The author's family making a valiant attempt at reenacting a certain Last Supper; Thanksgiving 2011.

At My Table: Thanksgiving Jeopardy!

One Jewish historian's enthusiastic holiday tradition.

For the past decade, I have forced a ridiculous Thanksgiving tradition on my unsuspecting family. Every year they hope it won’t happen. Every year they complain and try to get out of it.

And yet every year, I joyfully set up a row of chairs and a bulletin board in our kitchen, put on a neck tie, hold an inflatable microphone I got at someone’s bar mitzvah long ago, and run an elaborate (and lengthy) game of Thanksgiving Jeopardy.

As my aunts, uncles, parents, and grandfather will tell you, it’s torture.

The first year, I made the questions so hard that no one got a single answer right. The second year the questions were slightly easier, but I still hadn’t found my groove. By year four, the questions were excellent, but the difficulties of the previous years were so ingrained in my family members’ memories that they basically gave up before the game even started.

A few years ago, my parents gave me a set of answer buzzers as a gift. Along with a Bedazzler I once received for Hanukkah (as an adult), they are my most prized possession. That present confirmed to me what I already knew: They love (and expect) this game, even though they kvetch about it.

Why does the tradition matter to me? Well, it doesn’t hurt than I’m a born performer who loves inane trivia. It also doesn’t hurt that I’m a historian and this is an excuse for me to do extensive research into the development of my favorite holiday. But most of all, I love it because it’s a way for me to add my own spin onto this holiday that’s such a crucial part of my family’s life.

That feels like a Southern and Jewish sentiment to me: observing tradition, but altering it to fit into a new context. Embracing change while staying true to our roots.

We pick up the turkey from Bolton’s Farm Market, my father makes pies, we eat, we say what we’re thankful for, we cry, and then I run upstairs to grab the Jeopardy board I’ve assembled with foam core and index cards. It’s time to begin.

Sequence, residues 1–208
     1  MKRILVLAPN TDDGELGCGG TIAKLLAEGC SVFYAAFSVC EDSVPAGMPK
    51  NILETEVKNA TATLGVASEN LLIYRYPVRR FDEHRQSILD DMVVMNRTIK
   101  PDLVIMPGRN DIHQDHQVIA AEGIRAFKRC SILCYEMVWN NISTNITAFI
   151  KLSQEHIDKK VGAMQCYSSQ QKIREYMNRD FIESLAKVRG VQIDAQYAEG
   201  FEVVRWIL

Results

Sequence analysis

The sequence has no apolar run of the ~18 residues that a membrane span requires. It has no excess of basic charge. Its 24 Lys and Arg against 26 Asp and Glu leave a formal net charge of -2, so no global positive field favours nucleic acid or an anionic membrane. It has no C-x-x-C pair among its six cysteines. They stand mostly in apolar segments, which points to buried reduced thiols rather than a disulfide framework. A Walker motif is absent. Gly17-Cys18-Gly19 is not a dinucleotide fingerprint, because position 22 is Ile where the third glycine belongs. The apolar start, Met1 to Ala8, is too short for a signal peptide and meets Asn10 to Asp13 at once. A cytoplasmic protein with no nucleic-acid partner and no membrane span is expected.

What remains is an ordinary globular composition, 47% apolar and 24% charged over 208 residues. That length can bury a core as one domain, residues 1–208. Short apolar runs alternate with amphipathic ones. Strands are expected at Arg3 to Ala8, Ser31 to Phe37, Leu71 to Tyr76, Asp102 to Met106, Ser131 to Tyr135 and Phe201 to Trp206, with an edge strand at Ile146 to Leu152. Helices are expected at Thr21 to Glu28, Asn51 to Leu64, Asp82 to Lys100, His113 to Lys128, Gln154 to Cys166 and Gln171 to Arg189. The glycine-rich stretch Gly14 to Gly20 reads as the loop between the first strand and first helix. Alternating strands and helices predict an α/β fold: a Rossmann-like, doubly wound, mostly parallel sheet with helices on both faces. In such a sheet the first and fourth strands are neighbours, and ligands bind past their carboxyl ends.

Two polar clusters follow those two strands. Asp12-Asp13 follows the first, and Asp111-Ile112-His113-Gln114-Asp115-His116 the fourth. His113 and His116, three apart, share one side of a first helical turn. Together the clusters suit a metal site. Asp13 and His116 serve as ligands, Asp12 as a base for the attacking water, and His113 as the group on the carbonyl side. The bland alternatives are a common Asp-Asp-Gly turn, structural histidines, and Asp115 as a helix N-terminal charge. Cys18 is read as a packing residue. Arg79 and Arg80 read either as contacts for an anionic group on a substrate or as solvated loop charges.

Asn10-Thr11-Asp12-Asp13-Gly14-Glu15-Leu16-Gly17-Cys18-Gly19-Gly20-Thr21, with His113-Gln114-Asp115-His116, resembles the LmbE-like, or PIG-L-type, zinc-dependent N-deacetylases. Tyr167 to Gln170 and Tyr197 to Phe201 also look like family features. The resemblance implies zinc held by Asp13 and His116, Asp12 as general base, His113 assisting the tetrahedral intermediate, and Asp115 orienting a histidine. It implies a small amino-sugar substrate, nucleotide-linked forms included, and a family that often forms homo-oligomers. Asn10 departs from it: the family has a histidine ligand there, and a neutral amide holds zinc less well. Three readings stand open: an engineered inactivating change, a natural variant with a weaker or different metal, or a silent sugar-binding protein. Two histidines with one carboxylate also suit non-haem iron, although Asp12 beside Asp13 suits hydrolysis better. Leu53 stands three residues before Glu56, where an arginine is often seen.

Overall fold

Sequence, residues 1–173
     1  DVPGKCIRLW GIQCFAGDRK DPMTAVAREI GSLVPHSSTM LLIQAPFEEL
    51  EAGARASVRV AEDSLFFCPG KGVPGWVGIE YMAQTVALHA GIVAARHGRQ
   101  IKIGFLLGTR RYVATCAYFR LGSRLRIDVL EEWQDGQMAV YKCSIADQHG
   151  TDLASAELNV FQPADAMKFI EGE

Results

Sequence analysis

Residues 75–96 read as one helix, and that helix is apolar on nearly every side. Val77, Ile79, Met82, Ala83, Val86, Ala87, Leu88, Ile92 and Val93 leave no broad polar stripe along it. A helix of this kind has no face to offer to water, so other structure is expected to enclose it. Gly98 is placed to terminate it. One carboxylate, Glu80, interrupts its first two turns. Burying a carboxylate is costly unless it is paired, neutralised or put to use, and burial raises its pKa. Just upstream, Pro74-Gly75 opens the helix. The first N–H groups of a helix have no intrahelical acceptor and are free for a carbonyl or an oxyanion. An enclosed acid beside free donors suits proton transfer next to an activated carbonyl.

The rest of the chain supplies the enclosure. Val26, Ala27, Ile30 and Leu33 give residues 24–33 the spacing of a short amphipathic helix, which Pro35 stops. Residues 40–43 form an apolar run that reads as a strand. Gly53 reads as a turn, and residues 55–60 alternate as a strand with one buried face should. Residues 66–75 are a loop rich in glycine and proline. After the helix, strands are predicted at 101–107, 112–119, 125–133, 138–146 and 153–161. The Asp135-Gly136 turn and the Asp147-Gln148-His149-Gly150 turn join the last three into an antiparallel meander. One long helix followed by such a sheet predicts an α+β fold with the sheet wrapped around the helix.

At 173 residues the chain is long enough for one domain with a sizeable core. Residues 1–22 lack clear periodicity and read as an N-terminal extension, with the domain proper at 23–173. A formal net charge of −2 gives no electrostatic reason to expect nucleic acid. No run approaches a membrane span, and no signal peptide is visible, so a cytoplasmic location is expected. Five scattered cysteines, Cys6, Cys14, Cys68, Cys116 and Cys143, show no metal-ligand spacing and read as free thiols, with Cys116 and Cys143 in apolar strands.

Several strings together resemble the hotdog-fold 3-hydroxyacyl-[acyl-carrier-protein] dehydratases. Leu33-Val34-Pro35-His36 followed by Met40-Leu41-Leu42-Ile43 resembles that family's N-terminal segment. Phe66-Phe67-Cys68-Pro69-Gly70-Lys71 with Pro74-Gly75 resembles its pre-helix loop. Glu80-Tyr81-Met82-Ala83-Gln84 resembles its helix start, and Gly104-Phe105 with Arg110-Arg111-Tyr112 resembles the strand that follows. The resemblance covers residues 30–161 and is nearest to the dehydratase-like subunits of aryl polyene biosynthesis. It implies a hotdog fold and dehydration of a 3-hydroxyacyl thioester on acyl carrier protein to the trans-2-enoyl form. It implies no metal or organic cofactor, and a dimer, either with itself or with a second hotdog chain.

Last year, I missed Thanksgiving for the first time. I was in graduate school in Ireland, and I had class on Thanksgiving. It was surreal. I FaceTimed with my family and grabbed a pint with friends. It wasn’t the same.

This year, I’ll fly home to Pennsylvania from Mississippi, where I’m living out a dream of working in cultural heritage at the Goldring/Woldenberg Institute of Southern Jewish Life. I feel that this may give me slightly more clout as a trivia question writer. At the very least, it means that I have a platform to share this educational tradition with others.

The questions range from the simple (“What utensil did the Pilgrims not use on the First Thanksgiving?”) to the ridiculous (“For this year’s Final Jeopardy, you will have 20 minutes to write a song about a topic inside the envelope I’m about to give to you.” Seriously, I wish I had recorded that one). More and more, the points are given based on earnest pleas and dramatic responses. Whatever the teams wager for Final Jeopardy, they’ll get – I learned early on to make that a creative challenge, and it’s not up to me to judge someone else’s art. I’m a public historian, not Roger Ebert.

There are always categories based on things that are happening in my life; a series of questions about, say, the history and traditions of my undergraduate institution. There will certainly be some Southern and Jewish content on the board this year (to any family reading this: bone up on your Eudora Welty). It feels like heritage work to me because it gets people engaged in learning, making art, and laughing together while sharing an important cultural experience. It’s a stretch, but it feels like home.

Want to know how to organize your own Thanksgiving Jeopardy game? Whether you need last-minute insights or want to start planning now for Thanksgiving 2018, feel free to shoot me an email – as I will enjoy reminding my family, doing stuff like this is my job now.

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